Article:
X

Thank you for sharing!

Your article was successfully shared with the contacts you provided.
Ditching safety and security for the unpredictability of a start-up, Douglas Hammond, 38, left New York-based LeBoeuf, Lamb, Greene & MacRae to join the fledgling National Financial Partners Corp. in 1999. His gamble has paid off: first, when the company went public last year, and again this January, when he was promoted to executive vice president and general counsel of the New York-based distributor of financial services products. He replaces Robert Kleinberg, who, according to Hammond, is considering several opportunities. Hammond’s legal career began in 1991, when he joined New York-based commercial litigation firm Wilson Elser. During his three years at Wilson, he specialized in insurance work. One of his major clients was New York-based Gulf Insurance Group, with which he developed a close relationship. The company liked Hammond so much that in 1994, Gulf’s general counsel, Spiro Bantis, recruited Hammond as the company’s assistant general counsel. In 1995 Hammond transitioned out of the legal department and became the assistant vice president for financial institutions. He worked with Gulf executives on developing new products, underwriting financial institution risk, and developing risk management strategies for financial institutions. At Gulf, Hammond developed another important lawyer-client relationship � this time as the client � with the chairman of LeBoeuf’s insurance practice, Peter Demmerle, who was one of Gulf’s outside counsel. Hammond wanted to get into acquisitions. So when LeBoeuf, which represents various insurance brokers and companies, offered him a position in their insurance practice, he jumped at the opportunity. But Hammond soon developed contacts that led him back to an in-house role. At LeBoeuf, Hammond started working for New York-based Apollo Capital Management, a private equity firm that was developing the corporate structure and business model of the then fledgling start-up NFP. Impressed by the people who were signing on with the venture, he approached the company in 1999 and was hired as a staff attorney soon after. The company went public in September 2003, and the rest, to hear Hammond tell it, is start-up history. “It’s been a once-in-a-lifetime experience for me,” he says. “I’ve seen the company grow from a market cap of zero to over a billion dollars.” Sounds like a risk worth taking.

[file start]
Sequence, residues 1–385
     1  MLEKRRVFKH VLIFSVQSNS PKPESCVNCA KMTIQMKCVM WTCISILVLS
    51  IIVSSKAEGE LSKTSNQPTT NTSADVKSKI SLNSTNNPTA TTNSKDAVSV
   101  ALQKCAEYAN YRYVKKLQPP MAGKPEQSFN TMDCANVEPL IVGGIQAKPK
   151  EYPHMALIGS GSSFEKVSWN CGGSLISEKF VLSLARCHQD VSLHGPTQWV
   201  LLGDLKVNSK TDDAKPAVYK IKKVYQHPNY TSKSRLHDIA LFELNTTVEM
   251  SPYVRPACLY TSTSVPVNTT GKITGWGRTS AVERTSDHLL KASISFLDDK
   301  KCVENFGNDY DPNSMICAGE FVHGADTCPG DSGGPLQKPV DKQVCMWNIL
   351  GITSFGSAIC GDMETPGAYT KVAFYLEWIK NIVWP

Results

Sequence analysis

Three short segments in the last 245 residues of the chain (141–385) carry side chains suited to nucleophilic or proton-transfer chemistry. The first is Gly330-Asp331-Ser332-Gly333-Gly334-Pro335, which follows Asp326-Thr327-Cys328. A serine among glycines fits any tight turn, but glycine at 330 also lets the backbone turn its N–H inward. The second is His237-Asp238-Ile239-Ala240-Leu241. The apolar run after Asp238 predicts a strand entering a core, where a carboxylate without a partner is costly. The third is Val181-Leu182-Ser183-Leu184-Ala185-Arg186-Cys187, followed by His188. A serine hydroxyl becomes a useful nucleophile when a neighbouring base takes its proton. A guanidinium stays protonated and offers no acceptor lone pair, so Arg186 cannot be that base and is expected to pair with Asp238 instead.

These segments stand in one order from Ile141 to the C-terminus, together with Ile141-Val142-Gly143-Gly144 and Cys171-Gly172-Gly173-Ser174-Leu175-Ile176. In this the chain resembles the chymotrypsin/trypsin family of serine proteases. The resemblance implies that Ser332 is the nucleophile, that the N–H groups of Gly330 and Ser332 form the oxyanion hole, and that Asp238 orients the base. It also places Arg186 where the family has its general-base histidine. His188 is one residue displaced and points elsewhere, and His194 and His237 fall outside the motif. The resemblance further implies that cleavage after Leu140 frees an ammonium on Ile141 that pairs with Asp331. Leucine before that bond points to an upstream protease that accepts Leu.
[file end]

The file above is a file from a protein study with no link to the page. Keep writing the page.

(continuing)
This content has been archived. It is available through our partners, LexisNexis® and Bloomberg Law.

To view this content, please continue to their sites.

Not a Lexis Advance® Subscriber?
Subscribe Now

Not a Bloomberg Law Subscriber?
Subscribe Now

Why am I seeing this?

LexisNexis® and Bloomberg Law are third party online distributors of the broad collection of current and archived versions of ALM's legal news publications. LexisNexis® and Bloomberg Law customers are able to access and use ALM's content, including content from the National Law Journal, The American Lawyer, Legaltech News, The New York Law Journal, and Corporate Counsel, as well as other sources of legal information.

For questions call 1-877-256-2472 or contact us at [email protected]

 
Reprints & Licensing
Mentioned in a Law.com story?

License our industry-leading legal content to extend your thought leadership and build your brand.

 

ALM Legal Publication Newsletters

Sign Up Today and Never Miss Another Story.

As part of your digital membership, you can sign up for an unlimited number of a wide range of complimentary newsletters. Visit your My Account page to make your selections. Get the timely legal news and critical analysis you cannot afford to miss. Tailored just for you. In your inbox. Every day.

Copyright © 2021 ALM Media Properties, LLC. All Rights Reserved.